Gerhard Stryi-Hipp European Technology Platform on Renewable Heating and Cooling President
Energy security and decarbonisation are the main energy goals of the European Union.
The Low-carbon Economy Roadmap aims for a reduction in CO2 emissions of 80% by 2050 and the Energy Security Strategy calls for a significant cutback in fossil fuel and uranium imports. These ambitious goals can only be achieved if the heating and cooling (H&C) sector is almost fully decarbonised, since it is the largest energy sector in Europe representing 50% of final energy demand.
Today only 18% of H&C demand is supplied by renewable energy sources (RES), while 75% is supplied by fossil fuels and 7% by nuclear power. In comparison, the RES share in electricity has already reached 27%, with a much stronger growth dynamic. Therefore a special effort is needed to stimulate the transformation of the H&C sector. The European Commission has recognised the need for stronger activities in the H&C sector and published its Strategy on Heating and Cooling in February 2016.
There are good reasons why the H&C sector has resisted decarbonisation up to now. At today’s prices, heat generated from fossil fuels often costs less than heat generated by Renewable Heating and Cooling (RHC) technologies and RHC technologies often appear to be more complex than existing solutions in terms of design, installation and operation. In addition, the European RHC sector is very heterogeneous and does not have a unified infrastructure like the electrical grid. This situation leads to localised markets in the heating and cooling sector, which require decentralised, adapted support policies based on a good understanding of the H&C markets and their challenges.
In general, the transformation path for the H&C sector is clear. Efficiency must be significantly increased and a large share of the remaining H&C demand should be generated by RES, considering the ongoing debates in many Member States on the role of nuclear and carbon capture and storage in the future energy system. However, there are several uncertainties related to designing the future H&C system. Without a doubt, the level of energy efficiency, the share of district heating and the share of H&C generated by electricity from RES must be increased, but what is the optimal level at a given place?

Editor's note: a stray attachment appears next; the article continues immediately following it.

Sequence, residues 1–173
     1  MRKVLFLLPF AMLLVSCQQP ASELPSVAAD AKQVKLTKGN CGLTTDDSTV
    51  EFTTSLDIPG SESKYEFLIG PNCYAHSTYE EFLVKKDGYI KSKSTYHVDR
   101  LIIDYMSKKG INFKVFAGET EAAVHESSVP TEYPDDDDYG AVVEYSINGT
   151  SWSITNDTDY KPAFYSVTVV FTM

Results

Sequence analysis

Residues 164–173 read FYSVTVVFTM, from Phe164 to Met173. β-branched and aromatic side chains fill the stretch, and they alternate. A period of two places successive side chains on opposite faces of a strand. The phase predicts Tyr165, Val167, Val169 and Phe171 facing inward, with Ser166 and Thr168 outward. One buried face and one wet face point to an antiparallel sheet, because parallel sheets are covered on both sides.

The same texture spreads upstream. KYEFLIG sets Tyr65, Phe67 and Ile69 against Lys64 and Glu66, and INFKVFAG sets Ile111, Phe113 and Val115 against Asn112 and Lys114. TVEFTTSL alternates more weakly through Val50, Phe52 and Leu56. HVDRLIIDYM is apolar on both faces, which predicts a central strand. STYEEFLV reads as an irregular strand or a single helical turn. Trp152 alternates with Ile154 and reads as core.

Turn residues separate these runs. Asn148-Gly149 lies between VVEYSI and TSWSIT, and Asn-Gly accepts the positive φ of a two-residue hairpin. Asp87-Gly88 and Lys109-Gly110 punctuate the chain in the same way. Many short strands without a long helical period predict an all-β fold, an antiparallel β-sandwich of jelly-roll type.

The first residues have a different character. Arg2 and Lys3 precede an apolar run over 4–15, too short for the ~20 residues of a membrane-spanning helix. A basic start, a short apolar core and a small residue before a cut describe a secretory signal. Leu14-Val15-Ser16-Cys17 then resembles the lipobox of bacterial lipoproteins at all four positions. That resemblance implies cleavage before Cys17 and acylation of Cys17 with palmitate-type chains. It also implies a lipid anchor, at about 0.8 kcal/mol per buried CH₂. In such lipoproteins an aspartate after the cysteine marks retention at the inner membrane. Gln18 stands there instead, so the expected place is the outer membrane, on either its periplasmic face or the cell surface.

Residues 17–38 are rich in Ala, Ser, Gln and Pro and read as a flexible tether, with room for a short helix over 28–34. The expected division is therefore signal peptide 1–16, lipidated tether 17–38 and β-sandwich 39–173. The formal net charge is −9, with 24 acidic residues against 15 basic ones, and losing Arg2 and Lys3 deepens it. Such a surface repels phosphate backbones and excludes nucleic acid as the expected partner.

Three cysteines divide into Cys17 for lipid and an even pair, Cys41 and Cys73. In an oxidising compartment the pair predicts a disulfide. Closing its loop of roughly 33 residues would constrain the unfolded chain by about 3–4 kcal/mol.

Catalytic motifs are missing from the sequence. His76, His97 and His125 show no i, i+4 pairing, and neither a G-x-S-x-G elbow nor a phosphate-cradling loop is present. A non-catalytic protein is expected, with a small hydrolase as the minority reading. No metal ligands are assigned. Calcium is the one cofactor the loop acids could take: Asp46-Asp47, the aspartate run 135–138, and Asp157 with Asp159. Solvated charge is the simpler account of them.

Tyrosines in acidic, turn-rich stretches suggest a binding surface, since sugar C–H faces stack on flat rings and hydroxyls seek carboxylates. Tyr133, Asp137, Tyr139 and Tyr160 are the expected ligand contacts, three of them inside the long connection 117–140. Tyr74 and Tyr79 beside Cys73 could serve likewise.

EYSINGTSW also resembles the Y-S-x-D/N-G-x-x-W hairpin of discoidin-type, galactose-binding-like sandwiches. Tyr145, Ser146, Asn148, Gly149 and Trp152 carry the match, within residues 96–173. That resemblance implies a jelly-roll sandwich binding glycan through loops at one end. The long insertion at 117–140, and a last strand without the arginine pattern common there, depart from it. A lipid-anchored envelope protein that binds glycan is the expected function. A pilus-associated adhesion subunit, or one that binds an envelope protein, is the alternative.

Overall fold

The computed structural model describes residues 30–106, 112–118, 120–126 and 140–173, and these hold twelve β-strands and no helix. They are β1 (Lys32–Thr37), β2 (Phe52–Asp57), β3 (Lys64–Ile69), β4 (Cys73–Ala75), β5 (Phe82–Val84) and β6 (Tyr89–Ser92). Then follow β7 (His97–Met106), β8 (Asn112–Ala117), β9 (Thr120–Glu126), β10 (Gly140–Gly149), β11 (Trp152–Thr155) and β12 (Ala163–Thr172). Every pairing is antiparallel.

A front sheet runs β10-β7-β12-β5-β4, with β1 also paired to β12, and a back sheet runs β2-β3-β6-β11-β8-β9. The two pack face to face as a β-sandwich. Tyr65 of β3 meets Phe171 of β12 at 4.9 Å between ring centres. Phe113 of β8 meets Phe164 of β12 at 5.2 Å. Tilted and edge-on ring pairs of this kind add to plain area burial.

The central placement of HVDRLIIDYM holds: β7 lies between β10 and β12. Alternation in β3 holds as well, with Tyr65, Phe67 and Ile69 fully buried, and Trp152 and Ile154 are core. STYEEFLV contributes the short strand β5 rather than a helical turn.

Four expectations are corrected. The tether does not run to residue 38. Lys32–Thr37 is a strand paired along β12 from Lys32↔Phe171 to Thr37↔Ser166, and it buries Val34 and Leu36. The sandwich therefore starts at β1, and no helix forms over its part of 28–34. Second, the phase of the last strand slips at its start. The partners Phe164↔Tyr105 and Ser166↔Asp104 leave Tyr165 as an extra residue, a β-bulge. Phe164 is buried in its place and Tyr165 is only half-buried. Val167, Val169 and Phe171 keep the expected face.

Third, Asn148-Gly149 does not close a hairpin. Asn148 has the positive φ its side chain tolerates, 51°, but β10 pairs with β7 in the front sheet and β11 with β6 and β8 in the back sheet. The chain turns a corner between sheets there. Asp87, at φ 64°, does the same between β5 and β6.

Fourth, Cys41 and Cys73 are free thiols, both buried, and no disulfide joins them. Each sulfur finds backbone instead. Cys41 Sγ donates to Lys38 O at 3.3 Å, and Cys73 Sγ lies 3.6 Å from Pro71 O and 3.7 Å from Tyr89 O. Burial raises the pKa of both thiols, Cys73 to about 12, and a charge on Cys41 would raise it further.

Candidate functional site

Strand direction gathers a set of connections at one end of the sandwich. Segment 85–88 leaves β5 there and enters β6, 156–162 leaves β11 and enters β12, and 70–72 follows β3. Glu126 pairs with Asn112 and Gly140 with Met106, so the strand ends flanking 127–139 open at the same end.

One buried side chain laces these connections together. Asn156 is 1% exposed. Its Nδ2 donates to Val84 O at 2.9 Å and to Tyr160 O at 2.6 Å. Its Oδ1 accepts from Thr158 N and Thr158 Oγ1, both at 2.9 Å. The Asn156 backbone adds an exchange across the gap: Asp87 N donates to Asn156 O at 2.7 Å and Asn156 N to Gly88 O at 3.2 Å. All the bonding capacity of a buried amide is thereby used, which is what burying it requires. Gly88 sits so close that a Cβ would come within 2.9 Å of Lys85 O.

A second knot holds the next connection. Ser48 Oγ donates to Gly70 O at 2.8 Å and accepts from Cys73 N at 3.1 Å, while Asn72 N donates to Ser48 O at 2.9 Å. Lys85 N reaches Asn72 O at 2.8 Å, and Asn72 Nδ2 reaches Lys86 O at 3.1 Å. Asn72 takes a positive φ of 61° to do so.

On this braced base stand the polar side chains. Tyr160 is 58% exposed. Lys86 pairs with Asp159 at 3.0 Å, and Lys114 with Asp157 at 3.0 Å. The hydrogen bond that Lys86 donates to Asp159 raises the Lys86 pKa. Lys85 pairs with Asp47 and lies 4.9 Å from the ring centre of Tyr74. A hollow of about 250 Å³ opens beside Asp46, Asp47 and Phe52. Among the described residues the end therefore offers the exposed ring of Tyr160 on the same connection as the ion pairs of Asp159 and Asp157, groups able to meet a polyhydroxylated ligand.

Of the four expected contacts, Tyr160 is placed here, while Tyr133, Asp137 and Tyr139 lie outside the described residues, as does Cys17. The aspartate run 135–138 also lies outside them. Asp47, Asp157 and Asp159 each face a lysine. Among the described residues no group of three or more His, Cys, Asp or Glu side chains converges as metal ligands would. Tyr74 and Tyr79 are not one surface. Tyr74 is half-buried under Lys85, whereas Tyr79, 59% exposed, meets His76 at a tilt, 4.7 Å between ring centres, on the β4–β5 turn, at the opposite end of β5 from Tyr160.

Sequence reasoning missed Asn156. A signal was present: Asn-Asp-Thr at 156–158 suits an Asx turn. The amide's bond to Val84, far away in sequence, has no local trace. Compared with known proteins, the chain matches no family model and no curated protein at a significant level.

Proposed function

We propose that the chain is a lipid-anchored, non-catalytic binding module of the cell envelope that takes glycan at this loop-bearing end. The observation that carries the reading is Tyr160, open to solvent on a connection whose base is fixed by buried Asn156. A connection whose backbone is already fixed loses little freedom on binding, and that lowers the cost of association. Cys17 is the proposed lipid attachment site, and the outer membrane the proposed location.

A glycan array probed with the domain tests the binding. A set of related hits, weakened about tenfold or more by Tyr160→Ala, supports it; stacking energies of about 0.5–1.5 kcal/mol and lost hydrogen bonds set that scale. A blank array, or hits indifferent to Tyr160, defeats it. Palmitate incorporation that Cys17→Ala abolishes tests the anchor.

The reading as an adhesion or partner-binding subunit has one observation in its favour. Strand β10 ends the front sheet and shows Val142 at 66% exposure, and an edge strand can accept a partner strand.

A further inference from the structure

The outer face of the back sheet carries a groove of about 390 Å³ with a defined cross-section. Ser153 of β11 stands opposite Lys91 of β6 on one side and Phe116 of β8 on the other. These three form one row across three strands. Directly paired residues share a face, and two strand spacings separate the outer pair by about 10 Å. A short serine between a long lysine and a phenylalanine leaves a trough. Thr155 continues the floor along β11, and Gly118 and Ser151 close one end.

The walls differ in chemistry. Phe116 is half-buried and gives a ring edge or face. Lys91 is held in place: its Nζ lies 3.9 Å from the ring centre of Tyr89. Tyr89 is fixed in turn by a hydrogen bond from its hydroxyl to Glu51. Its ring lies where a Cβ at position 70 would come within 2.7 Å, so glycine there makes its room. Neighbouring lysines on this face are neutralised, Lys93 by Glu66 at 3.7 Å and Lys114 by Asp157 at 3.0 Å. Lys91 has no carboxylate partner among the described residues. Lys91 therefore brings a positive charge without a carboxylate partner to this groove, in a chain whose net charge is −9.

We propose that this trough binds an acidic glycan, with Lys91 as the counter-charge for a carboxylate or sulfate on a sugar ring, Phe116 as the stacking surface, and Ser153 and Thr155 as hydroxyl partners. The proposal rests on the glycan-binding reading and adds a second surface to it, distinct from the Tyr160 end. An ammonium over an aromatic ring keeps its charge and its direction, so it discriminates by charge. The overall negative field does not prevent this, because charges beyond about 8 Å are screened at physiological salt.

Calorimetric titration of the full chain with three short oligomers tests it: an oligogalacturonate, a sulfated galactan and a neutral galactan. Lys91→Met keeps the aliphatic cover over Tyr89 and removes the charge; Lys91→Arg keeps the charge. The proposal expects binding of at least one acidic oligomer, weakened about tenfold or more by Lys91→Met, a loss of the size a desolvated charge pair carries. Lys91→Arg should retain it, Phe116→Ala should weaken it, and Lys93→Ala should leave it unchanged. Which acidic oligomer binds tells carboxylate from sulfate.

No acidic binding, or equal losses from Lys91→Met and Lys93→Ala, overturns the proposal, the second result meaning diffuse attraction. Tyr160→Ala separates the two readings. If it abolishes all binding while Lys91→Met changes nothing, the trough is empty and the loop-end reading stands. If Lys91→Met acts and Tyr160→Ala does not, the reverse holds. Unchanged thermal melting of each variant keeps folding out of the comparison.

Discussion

The answers to these questions depend on local H&C market conditions and on the framework conditions, e.g. if cheap electricity from RES is definitely available during the heating season. This is the main reason why H&C systems should be optimised at city level as part of a smart city energy concept.
The role of RHC technological development should not be underestimated in implementing this transformation. Solar thermal and geothermal energy as well as biomass heating, heat pumps and cross cutting technologies like district heating, storage, cooling and hybrid systems have huge potential for technological development, which was neglected in recent decades. An analysis of the R&D projects funded by Horizon 2020 in 2014 and 2015 showed that, in full competition with RES electricity technologies, RHC technologies are rarely successful. Therefore, in order to unlock RHC potential and create a level playing field, a dedicated budget line for R&D on RHC technologies is necessary.
The need for action in the H&C sector is clearly recognised, and the technological scope of tasks to be implemented has been identified in the strategic research agendas and research roadmaps of the European Technology and Innovation Platform on Renewable Heating and Cooling (RHC-ETIP). Now is the time for policy-makers to focus on this sector and to take serious action.